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Leading up to Black Hat USA, hear from Black Hat Review Board Members, Speakers, Trainers and Partners about their contributions to information security and the upcoming Black Hat event.
Today we interview Bill Demirkapi about upcoming Black Hat USA 2020 Briefing "Demystifying Modern Windows Rootkits." Read more below:
Hi Bill, I read in your bio that you are a student at Rochester Institute of Technology – that's awesome! What are you currently studying? What are some of your favorite courses?
I am studying Computing Security at the Rochester Institute of Technology. Being completely honest, I don't have any favorite courses right now. Most of the interesting classes don't come until my third year. The best part of my college education has been the free-time that has come with it.
How did the pandemic impact your first year at University? Did you end up taking a lot of distance learning courses, do you have any more free time or less?
The pandemic impacted me in different ways depending on the topic. For example, from a grades perspective the pandemic ended up helping me. Courses were understandably significantly more loose in their requirements and in general "easier". From an educational perspective, many courses had to cut their content not only in volume but switch to a new method of delivery. My networking course had a major "hands on" component to it which the pandemic changed. Now, I was doing labs that would be done on real hardware in writing only, decreasing the amount of learning you actually got. From a time perspective, I got much more time to do what I wanted to. There was no travel time or required in person time, so I was able to mold my coursework to my schedule. It ended up being significantly less time drain than if I was on campus.
I see you've presented at a few Security Conferences before. Is this your first time speaking at Black Hat? Have you attended before? What inspired you to submit?
This is my first-time speaking at Black Hat and I have not attended Black Hat before primarily due to the cost of travel. Black Hat has always been a conference I've looked up to primarily because of its extremely high standard for strong technical content. As I was wrapping up my research into writing a Windows rootkit, I noticed overall in the industry I don't often see Windows kernel related content. Upon a deeper inspection, I found that Black Hat itself had very little content relating to malware in the Windows kernel realm. The closest event I found was a training from back in 2018 titled "Windows Kernel Rootkit Techniques" which explored several important topics when it comes to writing a rootkit, but this was only a training. There had really been no talks to the general audience about writing a rootkit, so I thought my research into rootkits would be useful to red teamers who haven't looked into kernel malware before.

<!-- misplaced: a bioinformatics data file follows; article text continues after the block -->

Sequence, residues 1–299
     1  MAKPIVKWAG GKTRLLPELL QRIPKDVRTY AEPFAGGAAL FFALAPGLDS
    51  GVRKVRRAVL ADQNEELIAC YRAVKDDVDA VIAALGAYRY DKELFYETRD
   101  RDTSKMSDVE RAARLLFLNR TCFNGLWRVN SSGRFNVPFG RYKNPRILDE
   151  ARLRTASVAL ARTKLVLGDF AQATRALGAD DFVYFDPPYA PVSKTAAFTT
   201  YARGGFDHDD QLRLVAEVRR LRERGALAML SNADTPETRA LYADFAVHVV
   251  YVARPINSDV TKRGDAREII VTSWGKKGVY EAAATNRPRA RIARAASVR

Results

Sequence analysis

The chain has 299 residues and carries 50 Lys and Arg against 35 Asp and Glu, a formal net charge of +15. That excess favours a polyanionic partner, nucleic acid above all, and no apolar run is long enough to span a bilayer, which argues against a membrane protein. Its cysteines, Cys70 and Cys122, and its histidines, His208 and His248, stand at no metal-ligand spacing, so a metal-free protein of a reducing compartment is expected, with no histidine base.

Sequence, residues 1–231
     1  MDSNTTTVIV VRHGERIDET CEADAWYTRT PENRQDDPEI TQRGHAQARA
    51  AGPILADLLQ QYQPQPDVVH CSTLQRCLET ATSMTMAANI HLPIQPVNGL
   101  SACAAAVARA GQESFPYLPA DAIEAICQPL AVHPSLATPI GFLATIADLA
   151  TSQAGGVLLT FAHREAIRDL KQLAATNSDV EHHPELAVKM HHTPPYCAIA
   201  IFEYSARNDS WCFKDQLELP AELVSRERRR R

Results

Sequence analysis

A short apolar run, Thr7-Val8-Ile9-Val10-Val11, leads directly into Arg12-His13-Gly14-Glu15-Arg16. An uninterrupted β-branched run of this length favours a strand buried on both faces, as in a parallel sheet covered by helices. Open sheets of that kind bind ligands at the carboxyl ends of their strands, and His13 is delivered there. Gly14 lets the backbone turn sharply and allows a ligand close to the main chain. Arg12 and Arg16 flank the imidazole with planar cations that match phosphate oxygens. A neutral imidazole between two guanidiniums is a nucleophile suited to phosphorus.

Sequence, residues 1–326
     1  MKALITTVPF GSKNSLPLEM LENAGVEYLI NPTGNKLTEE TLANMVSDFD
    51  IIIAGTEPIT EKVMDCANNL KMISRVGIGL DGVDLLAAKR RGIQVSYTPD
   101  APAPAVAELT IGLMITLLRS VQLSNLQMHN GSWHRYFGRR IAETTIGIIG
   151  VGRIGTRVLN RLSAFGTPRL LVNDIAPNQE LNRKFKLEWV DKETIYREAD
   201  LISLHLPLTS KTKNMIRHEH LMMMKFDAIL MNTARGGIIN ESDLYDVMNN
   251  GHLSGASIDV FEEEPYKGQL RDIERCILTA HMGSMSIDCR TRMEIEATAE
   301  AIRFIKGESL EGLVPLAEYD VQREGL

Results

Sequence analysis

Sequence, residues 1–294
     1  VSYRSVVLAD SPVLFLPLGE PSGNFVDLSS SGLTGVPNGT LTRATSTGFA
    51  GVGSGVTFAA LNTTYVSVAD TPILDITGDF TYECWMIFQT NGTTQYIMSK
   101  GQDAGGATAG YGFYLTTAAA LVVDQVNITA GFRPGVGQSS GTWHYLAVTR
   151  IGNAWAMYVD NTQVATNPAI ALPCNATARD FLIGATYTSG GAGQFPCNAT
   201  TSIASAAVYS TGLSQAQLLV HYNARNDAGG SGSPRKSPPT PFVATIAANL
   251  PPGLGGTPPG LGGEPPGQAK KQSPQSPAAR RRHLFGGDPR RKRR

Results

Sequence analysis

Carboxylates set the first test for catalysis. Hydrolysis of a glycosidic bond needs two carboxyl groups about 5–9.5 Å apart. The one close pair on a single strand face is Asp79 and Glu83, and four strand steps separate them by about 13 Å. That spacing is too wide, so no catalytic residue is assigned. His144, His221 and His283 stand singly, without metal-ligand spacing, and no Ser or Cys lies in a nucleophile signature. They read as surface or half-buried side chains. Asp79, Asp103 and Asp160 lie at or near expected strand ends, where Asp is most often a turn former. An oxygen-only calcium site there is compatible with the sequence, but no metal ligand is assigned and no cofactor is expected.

You are going to walkthrough how to write a rootkit from scratch and all of the drawbacks in your Briefings presentation — Without giving too much away, can you share a few key takeaways or highlights of your presentation that people can get excited for?
There is going to be a ton of great content in the presentation, but there are a few parts the audience can get excited for. First off, for any audience member who hasn't used kernel-level malware in the past, I'll explain several methods of loading a rootkit, arguably one of the more difficult steps in making one. Furthermore, I'll be walking the audience through the creation and design decisions of the "Spectre Rootkit", which abuses legitimate network communication to communicate with its C2. Along with the presentation of the talk, I will be open sourcing this rootkit to the public as a learning resource.
I read a VICE article about the vulnerability you discovered in your High Schools record keeping software and Blackboards software suite. What was your motivation? Did you have a hint that there could be an exploit, or do you just naturally tend to tinker with things?
Back in high school, I was interested in learning security and I thought the best way to start would be to incentivize learning it. What's more incentivizing than attempting to hack your school's grading system? I didn't have any hint that there was a vulnerability, but I persisted anyway until I found something big. To be clear, the goal wasn't the ability to tamper with the grading system (i.e to change my own grades), but the idea of finding a vulnerability in a grading system was enticing enough to push my efforts of teaching myself security.
I also saw your Hacking College Admissions blog, where were you when I needed to get in to Law School? Did you ever receive a response to your notifications? I know you said the issues were patched, but am still surprised there was no follow up.
After that article, I reached out to the IT teams for some of the impacted schools and had positive responses. I never had direct contact with TargetX and never heard from WPI again.
Bill Demirkapi is a student at the Rochester Institute of Technology with an intense passion for Windows Internals. Bill's interests include game hacking, reverse engineering malware, and exploit development. In his pursuit to make the world a better place, Bill constantly looks for the next big vulnerability following the motto "break anything and everything."